35. Oldstone MB, Dales S, Tishon A, Lewicki H, Martin L (2005) A role for dual viral hits in causation of subacute sclerosing panencephalitis. J Exp Med 202:1185–1190PubMedCrossRefGoogle Scholar
  36. Ono N, Tatsuo H, Tanaka K, Minagawa H, Yanagi Y (2001) V domain of human SLAM (CDw150) is essential for its function as a measles virus receptor. J Virol 75:1594–1600PubMedCrossRefGoogle Scholar
  37. Patterson JB, Thomas D, Lewicki H, Billeter MA, Oldstone MB (2000) V and C proteins of measles virus function as virulence factors in vivo. Virology 267:80–89PubMedCrossRefGoogle Scholar
  38. Patterson JB, Cornu TI, Redwine J, Dales S, Lewicki H, Holz A, Thomas D, Billeter MA,Oldstone MB (2001) Evidence that the hypermutated M protein of a subacute sclerosing pan-encephalitis measles virus actively contributes to the chronic progressive CNS disease.Virology 291:215–225PubMedCrossRefGoogle Scholar
  39. Patterson CE, Lawrence DM, Echols LA, Rall GF (2002) Immune-mediated protection from measles virus-induced central nervous system disease is noncytolytic and gamma interferon dependent. J Virol 76:4497–4506PubMedCrossRefGoogle Scholar
  40. Patterson CE, Daley JK, Echols LA, Lane TE, Rall GF (2003) Measles virus infection induces chemokine synthesis by neurons. J Immunol 171:3102–3109PubMedGoogle Scholar
  41. Peng KW, TenEyck CJ, Galanis E, Kalli KR, Hartmann LC, Russell SJ (2002) Intraperitoneal therapy of ovarian cancer using an engineered measles virus. Cancer Res 62:4656–4662PubMedGoogle Scholar
  42. Rall GF, Manchester M, Daniels LR, Callahan EM, Belman AR, Oldstone MB (1997) A transgenic mouse model for measles virus infection of the brain. Proc Natl Acad Sci U S A 94:4659–4663PubMedCrossRefGoogle Scholar
  43. Rivailler P, Trescol-Biemont MC, Gimenez C, Rabourdin-Combe C, Horvat B (1998) Enhanced MHC class II-restricted presentation of measles virus (MV) hemagglutinin in transgenic mice expressing human MV receptor CD46. Eur J Immunol 28:1301–1314PubMedCrossRefGoogle Scholar
  44. Roscic-Mrkic Schwendener Odermatt B, Zuniga A, Pavlovic J, Billeter MA, Cattaneo R (2001) Roles of macrophages in measles virus infection of genetically modified mice. J Virol 75:3343–3351PubMedCrossRefGoogle Scholar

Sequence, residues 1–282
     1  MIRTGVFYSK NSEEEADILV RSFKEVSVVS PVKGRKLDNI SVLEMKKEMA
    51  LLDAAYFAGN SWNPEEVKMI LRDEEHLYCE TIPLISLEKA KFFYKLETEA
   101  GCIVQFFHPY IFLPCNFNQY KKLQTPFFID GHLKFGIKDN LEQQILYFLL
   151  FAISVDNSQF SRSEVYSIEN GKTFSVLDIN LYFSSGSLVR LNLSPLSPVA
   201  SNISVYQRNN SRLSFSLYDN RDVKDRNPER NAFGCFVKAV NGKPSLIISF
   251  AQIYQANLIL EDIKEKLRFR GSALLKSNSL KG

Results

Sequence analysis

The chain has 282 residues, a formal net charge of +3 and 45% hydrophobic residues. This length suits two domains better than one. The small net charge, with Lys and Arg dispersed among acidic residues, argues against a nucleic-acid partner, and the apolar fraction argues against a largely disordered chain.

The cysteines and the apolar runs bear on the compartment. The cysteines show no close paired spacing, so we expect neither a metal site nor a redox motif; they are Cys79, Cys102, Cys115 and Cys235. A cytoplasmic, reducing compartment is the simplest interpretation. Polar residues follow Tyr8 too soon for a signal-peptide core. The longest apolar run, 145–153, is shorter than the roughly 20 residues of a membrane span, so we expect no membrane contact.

45. Santoro F, Kennedy PE, Locatelli G, Malnati MS, Berger EA, Lusso P (1999) CD46 is a cellular receptor for human herpesvirus 6. Cell 99:817–827PubMedCrossRefGoogle Scholar
  46. Sellin CI, Davoust N, Guillaume V, Baas D, Belin MF, Buckland R, Wild TF, Horvat B (2006) High pathogenicity of wild-type measles virus infection in CD150 (SLAM) transgenic mice. J Virol 80:6420–6429PubMedCrossRefGoogle Scholar
  47. Shingai M, Inoue N, Okuno T, Okabe M, Akazawa T, Miyamoto Y, Ayata M, Honda K, Kurita-Taniguchi M, Matsumoto M et al (2005) Wild-type measles virus infection in human CD46/CD150-transgenic mice: CD11c-positive dendritic cells establish systemic viral infection. J Immunol 175:3252–3261PubMedGoogle Scholar
  48. Slifka MK, Homann D, Tishon A, Pagarigan R, Oldstone MB (2003) Measles virus infection results in suppression of both innate and adaptive immune responses to secondary bacterial infection. J Clin Invest 111:805–810PubMedGoogle Scholar
  49. Takeuchi K, Miyajima N, Nagata N, Takeda M, Tashiro M (2003) Wild-type measles virus induces large syncytium formation in primary human small airway epithelial cells by a SLAM(CD150)-independent mechanism. Virus Res 94:11–16PubMedCrossRefGoogle Scholar
  50. Tatsuo H, Ono N, Tanaka K, Yanagi Y (2000) SLAM (CDw150) is a cellular receptor for measles virus. Nature 406:893–897PubMedCrossRefGoogle Scholar
  51. Thorley BR, Milland J, Christiansen D, Lanteri MB, McInnes B, Moeller I, Rivailler P, Horvat B,Rabourdin-Combe C, Gerlier D et al (1997) Transgenic expression of a CD46 (membrane cofactor protein) minigene: studies of xenotransplantation and measles virus infection. Eur J Immunol 27:726–734PubMedCrossRefGoogle Scholar
  52. Tishon A, Lewicki H, Andaya A, McGavern D, Martin L, Oldstone MB (2006) CD4 T cell control primary measles virus infection of the CNS: regulation is dependent on combined activity with either CD8 T cells or with B cells: CD4 CD8 or B cells alone are ineffective. Virology 347:234–245PubMedCrossRefGoogle Scholar
  53. Welstead GG, Iorio C, Draker R, Bayani J, Squire J, Vongpunsawad S, Cattaneo R, Richardson CD (2005) Measles virus replication in lymphatic cells and organs of CD150 (SLAM) trans-genic mice. Proc Natl Acad Sci U S A 102:16415–16420PubMedCrossRefGoogle Scholar
  54. WHO (2002) Scaling up the response to infectious Cited 26 May 2008
  55. Yannoutsos N, Ijzermans JN, Harkes C, Bonthuis F, Zhou CY, White D, Marquet RL, Grosveld F (1996) A membrane cofactor protein transgenic mouse model for the study of discordant xenograft rejection. Genes Cells 1:409–419+PubMedCrossRefGoogle Scholar

Copyright information

© Springer-Verlag Berlin Heidelberg 2009

Authors and Affiliations

  1. 1.U758-ENS LyonLyon Cedex 07France

Personalised recommendations